In the plaza outside the towering multiplex movie theater, I wait to meet Melanie. She’s a landscape designer whose firm was contracted by Seattle Public Utilities to work on the restoration project. We walk down to the creek and she points out diversion channels, where a killdeer nested, how invasive the cannera grass is. Her eyes light up as she introduces me to her elements of composition, the plants: sagittaria, carex, scripus, sparganium. She tells me how the wall of stone behind the cascade of water is made from old granite curbstones from Seattle’s streets. She explains how many species of plants were introduced; how some made it and naturalized and others didn’t, depending on the water cycle and other factors. Together we ponder how success can be measured: as defined by whom? Yes, humans are benefitting from the high density LEED-certified units touted for proximity to a transit center, bike parking, energy and water efficiency, extra insulation, low VOC interiors. Residents enjoy walking their dogs here.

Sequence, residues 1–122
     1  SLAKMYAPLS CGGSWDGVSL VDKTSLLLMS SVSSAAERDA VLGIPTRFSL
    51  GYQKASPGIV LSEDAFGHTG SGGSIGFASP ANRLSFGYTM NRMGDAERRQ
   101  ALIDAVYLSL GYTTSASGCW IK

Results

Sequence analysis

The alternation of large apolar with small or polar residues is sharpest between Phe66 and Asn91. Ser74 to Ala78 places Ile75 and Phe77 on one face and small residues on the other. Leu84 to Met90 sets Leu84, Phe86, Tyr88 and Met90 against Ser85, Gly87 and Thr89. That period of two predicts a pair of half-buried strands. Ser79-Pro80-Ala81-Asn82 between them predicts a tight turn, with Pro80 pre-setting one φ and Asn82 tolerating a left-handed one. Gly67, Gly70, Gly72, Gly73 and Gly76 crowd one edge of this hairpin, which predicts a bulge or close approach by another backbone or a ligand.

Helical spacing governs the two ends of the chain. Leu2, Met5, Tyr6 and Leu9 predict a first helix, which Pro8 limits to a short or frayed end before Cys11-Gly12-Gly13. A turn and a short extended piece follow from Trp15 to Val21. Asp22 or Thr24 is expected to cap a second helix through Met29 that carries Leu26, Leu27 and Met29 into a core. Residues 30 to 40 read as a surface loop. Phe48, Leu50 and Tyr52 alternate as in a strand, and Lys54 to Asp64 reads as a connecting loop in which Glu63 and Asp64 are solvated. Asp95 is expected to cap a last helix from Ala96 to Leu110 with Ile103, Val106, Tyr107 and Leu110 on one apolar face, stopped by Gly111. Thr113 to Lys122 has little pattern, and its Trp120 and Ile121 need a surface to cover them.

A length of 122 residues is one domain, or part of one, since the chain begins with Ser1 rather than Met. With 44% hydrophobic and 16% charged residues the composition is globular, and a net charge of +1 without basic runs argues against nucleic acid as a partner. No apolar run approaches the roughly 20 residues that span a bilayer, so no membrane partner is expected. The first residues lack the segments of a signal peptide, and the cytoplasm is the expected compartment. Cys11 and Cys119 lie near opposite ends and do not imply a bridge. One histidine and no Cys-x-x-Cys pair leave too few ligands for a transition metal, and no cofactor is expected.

But: the stream is polluted, no salmon have returned as was hoped. Melanie informs me that this past summer human fecal matter was found in the creek downstream of this spot. Seattle residents have been warned not to touch the water. She mentions that the contamination is thought to be a result of homeless folks living in cardboard boxes in the woods nearby. Meanwhile, the mall looms across the street, recently expanded with more retail shops. I shudder at the contrast of opulence and squalor.
Long before cardboard boxes, the first people who lived here were the Duwamish. Salmon and cedar served as sacred resources for them. They used cedar bark to make bedding, mats, tinder, torches, nets, sails, bandages, hats, clothing, imbricated baskets and boxes. They used limbs of cedar to scour fishnets and their dead. They cut planks for longhouses and carved it into masks, totem poles, paddles. There were enough salmon and berries to provide food all year. Indigenous sufficiency has been replaced with consumptive consumerism. Now the Shopping Center serves as source of provisions, of commodities, replacing cedar and salmon.